Pakistan puts currency printing press on high alert


Shafaqna Pakistan:Pakistan has placed its currency note printing press on high alert and made sure that it remains operational to meet growing demand for cash during the lockdown.

The requirement for cash may spike given that the government has vowed to support people financially and stimulate businesses and the economy.

Pakistan, like other countries, has imposed a lockdown in efforts to contain the coronavirus pandemic. The number of infected people in the country is on a rise despite the nationwide shutdown.
“We are almost unable to manage…but struggling due to low staff attendance,” a source at the Pakistan Security Printing Corporation’s (PSPC) told The Express Tribune.

“The State Bank of Pakistan (SBP) may task us with printing additional amounts during these challenging times…that is why it (the central bank) has made sure the printing press remains operational during the lockdown,” he said.

“Although we come under essential services but employees are facing difficulties in commuting between home and the press (PSPC located in Karachi),” he said.

“We are trying to overstretch with less staff,” he said.

On Tuesday, the government of Prime Minister Imran Khan announced financial package worth hundreds of billions of rupees to support people and stimulate businesses and economy.

Besides, the requirement for new currency notes may spike since the central bank has asked commercial banks to make sure that they provide disinfected currency notes to accountholders who withdraw money through ATMs and those who visit bank branches during the lockdown.

Weeks before the emergence of the virus in the country, SBP Governor Reza Baqir said that the demand for cash in Pakistan was high because people preferred to keep cash in hands instead of depositing at commercial banks in a bid to avoid taxation. Besides, the government has continued to borrow money from commercial banks to overcome the annual budgetary shortfall since July 2019 instead of the central bank, under the tough economic conditions imposed by the International Monetary Fund’s (IMF) for its latest loan programme worth $6 billion for Islamabad.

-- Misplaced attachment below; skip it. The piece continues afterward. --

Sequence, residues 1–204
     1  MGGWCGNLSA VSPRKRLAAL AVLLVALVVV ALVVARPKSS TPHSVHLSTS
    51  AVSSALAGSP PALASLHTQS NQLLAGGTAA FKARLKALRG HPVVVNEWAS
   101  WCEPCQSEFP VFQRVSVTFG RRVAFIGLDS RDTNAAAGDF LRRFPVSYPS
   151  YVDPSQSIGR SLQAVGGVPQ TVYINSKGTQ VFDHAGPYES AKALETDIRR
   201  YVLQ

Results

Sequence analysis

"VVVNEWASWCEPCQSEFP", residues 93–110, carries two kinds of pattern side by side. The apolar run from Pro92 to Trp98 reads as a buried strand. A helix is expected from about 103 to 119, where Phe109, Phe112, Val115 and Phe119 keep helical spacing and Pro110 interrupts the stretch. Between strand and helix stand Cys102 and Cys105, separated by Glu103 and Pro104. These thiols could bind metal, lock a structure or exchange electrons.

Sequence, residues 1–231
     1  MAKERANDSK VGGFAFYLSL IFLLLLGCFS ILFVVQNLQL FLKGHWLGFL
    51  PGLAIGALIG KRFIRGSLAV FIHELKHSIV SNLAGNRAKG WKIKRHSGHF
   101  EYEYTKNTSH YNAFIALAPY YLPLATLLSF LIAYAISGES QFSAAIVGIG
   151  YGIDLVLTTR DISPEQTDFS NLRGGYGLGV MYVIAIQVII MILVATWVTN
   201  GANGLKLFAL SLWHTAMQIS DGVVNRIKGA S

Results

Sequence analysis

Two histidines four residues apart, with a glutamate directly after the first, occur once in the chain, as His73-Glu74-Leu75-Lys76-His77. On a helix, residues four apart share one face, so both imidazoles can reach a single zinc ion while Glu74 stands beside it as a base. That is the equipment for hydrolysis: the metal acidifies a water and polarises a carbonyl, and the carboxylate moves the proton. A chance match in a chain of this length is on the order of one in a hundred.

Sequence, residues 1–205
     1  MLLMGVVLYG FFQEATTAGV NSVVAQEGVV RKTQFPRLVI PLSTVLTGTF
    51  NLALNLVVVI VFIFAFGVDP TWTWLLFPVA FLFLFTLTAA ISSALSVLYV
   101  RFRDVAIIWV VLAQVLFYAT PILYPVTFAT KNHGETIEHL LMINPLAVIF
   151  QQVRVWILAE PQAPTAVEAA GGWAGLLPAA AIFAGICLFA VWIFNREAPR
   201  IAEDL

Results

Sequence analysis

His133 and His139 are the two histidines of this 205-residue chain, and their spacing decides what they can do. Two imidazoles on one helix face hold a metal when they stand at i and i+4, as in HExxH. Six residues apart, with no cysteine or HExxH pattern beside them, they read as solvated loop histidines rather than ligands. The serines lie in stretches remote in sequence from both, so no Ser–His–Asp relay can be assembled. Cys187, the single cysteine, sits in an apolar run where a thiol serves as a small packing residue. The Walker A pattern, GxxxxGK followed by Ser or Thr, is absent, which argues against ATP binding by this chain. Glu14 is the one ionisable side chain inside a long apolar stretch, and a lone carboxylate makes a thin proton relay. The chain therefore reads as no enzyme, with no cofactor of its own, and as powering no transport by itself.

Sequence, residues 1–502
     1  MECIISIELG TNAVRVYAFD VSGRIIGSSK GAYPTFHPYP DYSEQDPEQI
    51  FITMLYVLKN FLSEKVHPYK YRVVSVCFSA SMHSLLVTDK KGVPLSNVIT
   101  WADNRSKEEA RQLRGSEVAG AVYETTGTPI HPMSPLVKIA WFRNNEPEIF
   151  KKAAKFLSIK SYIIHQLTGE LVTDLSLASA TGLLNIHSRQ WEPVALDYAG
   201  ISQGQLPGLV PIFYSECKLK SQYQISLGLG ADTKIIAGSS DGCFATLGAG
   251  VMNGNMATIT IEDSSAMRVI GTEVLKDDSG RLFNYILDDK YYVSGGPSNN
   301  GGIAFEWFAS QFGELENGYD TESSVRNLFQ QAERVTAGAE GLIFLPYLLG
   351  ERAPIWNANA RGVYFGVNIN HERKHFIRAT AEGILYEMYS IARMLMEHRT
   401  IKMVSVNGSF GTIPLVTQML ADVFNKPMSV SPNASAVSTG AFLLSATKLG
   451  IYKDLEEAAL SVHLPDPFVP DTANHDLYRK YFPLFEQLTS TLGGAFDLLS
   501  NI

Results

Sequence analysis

The IMF has, however, relaxed conditions, including that of the fiscal deficit on account of spending on health to fight against the coronavirus.

“IMF may relax conditions on other heads as well because the entire world is under a lockdown,” BMA Capital Executive Director Saad Hashmi said.

“Printing of money during these difficult times may not contribute towards increase in inflation because there is almost no demand left in the economy due to closure of markets and likely drop in consumption,” he said.

Baqir has said that the central bank would soon propose an amendment in the relevant law to stop printing of money meant for financing the annual budget deficits.

The PSCP source added that the central bank usually gave monthly targets for printing money.

“SBP may raise demand for money considering that it will be used to fight against Covid-19,” he said.

The printing of money, however, remains a complex process instead of being considered an easy one. The duration for printing new notes vary depending upon the denominations. There are around a dozen steps involved in printing new notes, including multiple printing steps, cutting, numbering and packaging. Every step is a time consuming task as ink on the notes takes time to dry. The temperature and humidity in the environment also matters in this regard.

The central bank has increased PSPC’s capacity to print money after it took over the corporation in the recent past. “Earlier, we had the capacity to meet up to 50-60% demand given by the central bank,” he said.

He, however, denied sharing statistics regarding printing of new currency like the number of new notes and worth of money PSPC usually prints on monthly basis or what is the total capacity of printing notes at the corporation.

During Eidul Fitr 2019, SBP issued new currency notes worth Rs360 billion in exchange of old ones. Out of them, Rs61 billion were denominations of below Rs100.